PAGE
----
significance of their quantity and prices. See Thomas, 74 F.3d at 682. For this reason, law

enforcement experts routinely “testify that circumstances are consistent with drug

distribution rather than personal use.” Ham, 628 F.3d at 805 (internal quotation marks

omitted). Yet while jurors may not be familiar with the drug trade, they still have their

common sense.

As the case now stands, at least, this is not a borderline situation where the jury might

not know what to make of the evidence. Ray Stapleton was found driving with $1.3 million

cash and thousands of pills. Average jurors know enough about prescription drug abuse to

draw the inference that thousands of pills are far more than plausibly carried for personal use.

Since the inference of intent to distribute is natural, even to untrained laymen, evaluating the

evidence seized from Ray Stapleton’s car is “within the realm of common sense.” Thomas,

74 F.3d at 683 (quoting United States v. French, 12 F.3d 114, 117 (8th Cir. 1993)). The

government therefore does not need Detective Hunter to explain the obvious. If Stapleton

introduces opinion evidence or the like disputing his intent to distribute—for example, a

pharmacist who testifies that Stapleton’s behavior is consistent with legal transportation of


prescription drugs—perhaps Hunter’s expert testimony will be necessary. For now though,

Detective Hunter is limited to testifying about the general characteristics of pill mills.

IV. The Defendants’ Remaining Objections Lack Merit

The defendants raise several other unsuccessful arguments against Detective Hunter’s

expert testimony. They argue that Hunter’s use of the term “pill mill” and his dual role as

both fact and expert witness make his testimony unduly prejudicial. See R. 167 at 3–4, 24;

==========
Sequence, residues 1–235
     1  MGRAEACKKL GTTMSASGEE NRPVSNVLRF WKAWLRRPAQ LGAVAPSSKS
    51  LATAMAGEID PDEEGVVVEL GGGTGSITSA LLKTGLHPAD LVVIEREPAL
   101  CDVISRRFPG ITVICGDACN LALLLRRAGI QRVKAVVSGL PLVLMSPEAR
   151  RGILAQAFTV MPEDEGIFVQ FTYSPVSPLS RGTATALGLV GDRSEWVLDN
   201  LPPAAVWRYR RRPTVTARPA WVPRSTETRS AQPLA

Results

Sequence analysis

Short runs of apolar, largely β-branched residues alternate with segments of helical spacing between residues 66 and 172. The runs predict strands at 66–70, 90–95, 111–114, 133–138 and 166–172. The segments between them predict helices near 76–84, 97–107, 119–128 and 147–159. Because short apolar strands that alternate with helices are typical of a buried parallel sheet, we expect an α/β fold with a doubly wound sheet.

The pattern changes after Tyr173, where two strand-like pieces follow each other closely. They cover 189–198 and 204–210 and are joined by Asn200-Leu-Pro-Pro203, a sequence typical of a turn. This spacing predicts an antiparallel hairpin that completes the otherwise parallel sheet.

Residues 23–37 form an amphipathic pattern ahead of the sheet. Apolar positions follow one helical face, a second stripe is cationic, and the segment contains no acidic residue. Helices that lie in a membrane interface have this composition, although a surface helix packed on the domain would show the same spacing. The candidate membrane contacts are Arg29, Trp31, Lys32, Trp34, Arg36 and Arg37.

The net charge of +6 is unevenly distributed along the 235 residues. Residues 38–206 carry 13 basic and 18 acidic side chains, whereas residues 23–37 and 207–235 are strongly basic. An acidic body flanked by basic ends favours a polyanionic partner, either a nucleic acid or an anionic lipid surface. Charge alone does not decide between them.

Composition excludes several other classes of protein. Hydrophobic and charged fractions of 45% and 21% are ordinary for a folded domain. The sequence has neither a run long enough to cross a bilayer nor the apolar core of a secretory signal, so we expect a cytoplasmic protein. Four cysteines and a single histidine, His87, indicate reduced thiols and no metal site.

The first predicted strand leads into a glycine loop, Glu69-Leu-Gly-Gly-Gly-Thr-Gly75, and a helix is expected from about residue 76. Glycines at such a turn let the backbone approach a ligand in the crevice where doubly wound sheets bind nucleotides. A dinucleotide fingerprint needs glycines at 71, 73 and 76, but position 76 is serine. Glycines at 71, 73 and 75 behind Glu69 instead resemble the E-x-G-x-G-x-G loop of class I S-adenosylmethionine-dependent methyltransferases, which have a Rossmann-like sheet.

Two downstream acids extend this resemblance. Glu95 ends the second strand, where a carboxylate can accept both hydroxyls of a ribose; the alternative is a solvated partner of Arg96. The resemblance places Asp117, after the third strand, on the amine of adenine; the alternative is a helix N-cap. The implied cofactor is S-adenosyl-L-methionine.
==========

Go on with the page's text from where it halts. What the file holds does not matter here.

R. 168 at 11, 13. And by objecting to “profile” evidence, see R. 167 at 6–7; R. 168 at 5–6,

the defendants also suggest Hunter’s testimony is propensity evidence or a direct opinion

about their mental state. None of these objections have merit.


Detective Hunter May Use the Term “Pill Mill”

While the term “pill mill” certainly carries a negative connotation, its risk of unfair

prejudice is small. To be inadmissible under Rule 403 the term must be more than damaging

on account of its probative force; it must encourage the jury to rely on improper

considerations, such as emotion. See United States v. Johnson, 581 F.3d 320, 327 (6th Cir.

2009); Fed. R. Evid. 403, advisory comm. note (defining “unfair prejudice” as a “tendency to

suggest decision on an improper basis, commonly, though not necessarily, an emotional

one”). But even if the risk of improper use by the jury remains small, if an equally effective

term carries less risk, the prejudice associated with “pill mill” would still be unfair. See Old

Chief v. United States, 519 U.S. 172, 184 (1997) (holding that probative value depends in

part on alternative evidence available).

Compared to similar drug-related terms, “pill mill” is not especially inflammatory. It

is no more pejorative than, say, “drug ring,” or “stash house.” See United States v.

Hazelwood, No. 1:10-CR-150, 2011 WL 2565294, at *24 (N.D. Ohio June 27, 2011);


cf. United States v. Young, 745 F.2d 733, 760–61 (2d Cir. 1984) (holding that expert

testimony about the role that “heroin mills” play and the type of paraphernalia that one

would expect to find at such a mill is not unduly prejudicial). As commonly used by law

enforcement, the media, and lay people, “pill mill” is merely a shorthand description of a

pain clinic that issues medically baseless prescriptions. R. 159 at 43; see also United States

v. Kincaid, No. 3:10-CR-160, 2013 WL 5595404, at *3 (E.D. Tenn. Oct. 11, 2013); United

States v. Caroni, No. 3:10-CR-101, 2011 WL 4102343, at *4 (N.D. Fla. Sept. 13, 2011). To

be sure, the phrase evokes the prescription drug abuse all too common in Eastern Kentucky,

but it fairly captures the type of scheme Detective Hunter describes. Cf. United States v.

Lancaster, 968 F.2d 1250, 1255 (D.C. Cir. 1992) (holding that use of the term “crack house”

was permissible because it corresponded to the conduct at issue). “Pill mill” is not so

inflammatory that it would encourage the jury to blame the defendants for the crimes of

others. Moreover, the risk of prejudice from the term is exceedingly small in this case

because Detective Hunter will testify only about pill mills generally; he will not opine that